Assistant Professor of Inorganic Chemistry Nicholas Kingsley, Ph.D., spends a lot of time in his laboratory with his undergraduate students because he believes that is where the learning takes place.
"It's hands-on research and it's original," says Kingsley. "We will be publishing a paper at the end of summer and 90% of the work is done by my students."
It is not surprising that an approach like Kingsley's would turn out a student like Logan Shephard.
Shephard was with the UM-Flint Chapter of the American Chemical Society for a meeting in New Orleans recently, when he checked his e-mail and learned that out of hundreds of applicants, he was one of only 17 selected nationwide to participate in a National Science Foundation (NSF) sponsored summer research program on Enabling New Technologies through Catalysis.
"I was very surprised by my acceptance. I had applied the year before (for summer 2012) but was declined," said Shephard. "To know that I was chosen out of the hundreds of well-qualified applicants was quite humbling, and it means I just have to work that much harder to prove that I deserve this opportunity."
Shephard will be spending 10 weeks at the University of Ottawa beginning in mid-June. In October, he will travel to Seattle to present a paper on his experience in the program.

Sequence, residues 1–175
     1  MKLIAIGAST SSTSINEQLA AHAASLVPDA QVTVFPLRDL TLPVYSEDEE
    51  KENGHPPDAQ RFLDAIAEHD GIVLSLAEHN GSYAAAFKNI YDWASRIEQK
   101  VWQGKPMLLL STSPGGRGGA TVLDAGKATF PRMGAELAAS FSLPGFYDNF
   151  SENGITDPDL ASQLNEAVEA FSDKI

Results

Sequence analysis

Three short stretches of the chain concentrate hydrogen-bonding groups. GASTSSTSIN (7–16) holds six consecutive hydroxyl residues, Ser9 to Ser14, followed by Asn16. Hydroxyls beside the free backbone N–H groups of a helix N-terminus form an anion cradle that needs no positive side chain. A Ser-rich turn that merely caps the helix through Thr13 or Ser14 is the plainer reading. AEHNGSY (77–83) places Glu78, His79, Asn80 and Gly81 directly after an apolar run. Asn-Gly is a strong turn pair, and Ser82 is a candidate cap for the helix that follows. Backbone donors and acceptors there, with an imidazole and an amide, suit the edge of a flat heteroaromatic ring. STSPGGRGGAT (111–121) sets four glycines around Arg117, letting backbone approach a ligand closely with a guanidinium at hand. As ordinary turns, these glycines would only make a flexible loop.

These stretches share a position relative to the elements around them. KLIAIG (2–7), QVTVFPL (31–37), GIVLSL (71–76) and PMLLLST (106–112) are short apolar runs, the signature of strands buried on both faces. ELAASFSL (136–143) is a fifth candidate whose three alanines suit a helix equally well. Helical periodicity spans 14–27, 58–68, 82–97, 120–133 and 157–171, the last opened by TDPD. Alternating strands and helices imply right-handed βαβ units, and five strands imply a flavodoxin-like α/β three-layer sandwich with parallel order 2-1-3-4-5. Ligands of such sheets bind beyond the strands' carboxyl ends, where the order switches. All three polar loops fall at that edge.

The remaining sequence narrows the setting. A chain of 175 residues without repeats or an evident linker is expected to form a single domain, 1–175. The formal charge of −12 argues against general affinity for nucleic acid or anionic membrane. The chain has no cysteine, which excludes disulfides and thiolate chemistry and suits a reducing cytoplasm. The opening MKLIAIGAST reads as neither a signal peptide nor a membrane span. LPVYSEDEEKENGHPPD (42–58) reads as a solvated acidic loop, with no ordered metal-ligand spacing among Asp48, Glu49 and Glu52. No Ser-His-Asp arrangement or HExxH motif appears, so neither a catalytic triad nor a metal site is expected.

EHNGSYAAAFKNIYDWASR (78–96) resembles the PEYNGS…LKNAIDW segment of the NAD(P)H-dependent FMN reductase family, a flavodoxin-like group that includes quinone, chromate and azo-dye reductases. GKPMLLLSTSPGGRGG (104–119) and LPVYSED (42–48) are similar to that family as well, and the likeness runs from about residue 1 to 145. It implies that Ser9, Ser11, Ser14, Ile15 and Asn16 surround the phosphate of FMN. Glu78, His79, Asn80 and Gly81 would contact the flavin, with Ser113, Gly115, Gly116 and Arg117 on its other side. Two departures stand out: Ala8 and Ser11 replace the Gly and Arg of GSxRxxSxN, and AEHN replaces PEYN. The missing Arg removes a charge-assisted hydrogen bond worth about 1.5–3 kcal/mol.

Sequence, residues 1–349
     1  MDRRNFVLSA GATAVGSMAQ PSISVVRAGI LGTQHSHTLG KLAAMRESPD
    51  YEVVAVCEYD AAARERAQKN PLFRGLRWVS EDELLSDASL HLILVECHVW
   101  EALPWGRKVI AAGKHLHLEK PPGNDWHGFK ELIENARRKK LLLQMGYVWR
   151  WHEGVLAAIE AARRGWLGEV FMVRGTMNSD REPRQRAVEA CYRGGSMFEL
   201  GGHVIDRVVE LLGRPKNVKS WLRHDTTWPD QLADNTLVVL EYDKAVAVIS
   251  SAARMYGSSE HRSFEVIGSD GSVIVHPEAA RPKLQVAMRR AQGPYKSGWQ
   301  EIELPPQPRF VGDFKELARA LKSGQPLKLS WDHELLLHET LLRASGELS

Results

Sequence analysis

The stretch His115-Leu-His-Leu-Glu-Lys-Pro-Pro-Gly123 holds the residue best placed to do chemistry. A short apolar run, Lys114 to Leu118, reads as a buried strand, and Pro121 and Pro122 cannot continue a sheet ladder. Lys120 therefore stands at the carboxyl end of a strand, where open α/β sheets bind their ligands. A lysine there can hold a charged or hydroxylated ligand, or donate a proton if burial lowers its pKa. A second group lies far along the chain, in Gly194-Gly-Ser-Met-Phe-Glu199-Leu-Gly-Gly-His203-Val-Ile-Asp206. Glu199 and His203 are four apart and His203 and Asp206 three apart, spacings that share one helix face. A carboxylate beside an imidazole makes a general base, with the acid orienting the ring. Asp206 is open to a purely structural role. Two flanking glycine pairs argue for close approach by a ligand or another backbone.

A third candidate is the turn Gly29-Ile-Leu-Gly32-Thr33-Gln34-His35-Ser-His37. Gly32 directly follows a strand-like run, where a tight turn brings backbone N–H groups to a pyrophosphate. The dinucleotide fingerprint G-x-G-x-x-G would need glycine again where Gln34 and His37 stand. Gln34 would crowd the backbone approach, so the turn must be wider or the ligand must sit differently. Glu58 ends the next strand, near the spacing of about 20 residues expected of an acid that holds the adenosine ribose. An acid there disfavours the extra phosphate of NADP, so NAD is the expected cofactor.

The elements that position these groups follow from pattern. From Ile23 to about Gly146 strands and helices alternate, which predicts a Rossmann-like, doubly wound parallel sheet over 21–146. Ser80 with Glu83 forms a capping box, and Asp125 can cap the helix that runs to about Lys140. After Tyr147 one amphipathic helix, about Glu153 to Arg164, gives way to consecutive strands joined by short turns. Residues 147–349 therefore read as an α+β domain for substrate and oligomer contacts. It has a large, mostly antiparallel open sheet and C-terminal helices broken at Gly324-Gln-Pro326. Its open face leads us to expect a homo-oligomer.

Shephard wants to eventually get a Ph.D., and he says the opportunity he has had to work alongside his professor will help him be a step ahead in any graduate program.
"Research is especially invaluable to a chemist's education because it requires you to remember everything you've learned. You need the lab skills to be able to perform your experiments, but you also need to remember the theory from lectures to be able to explain your results and come up with theories as to why experiments go wrong—which they often do," noted Shephard. "Since I am planning on pursuing a Ph.D. in inorganic chemistry, my research experience has been invaluable."
Undergraduate research is an important part of the UM-Flint experience. With funding from individual schools and departments or from the Undergraduate Research Opportunity Program (UROP) an estimated 250 undergraduate students participate in research programs each school year."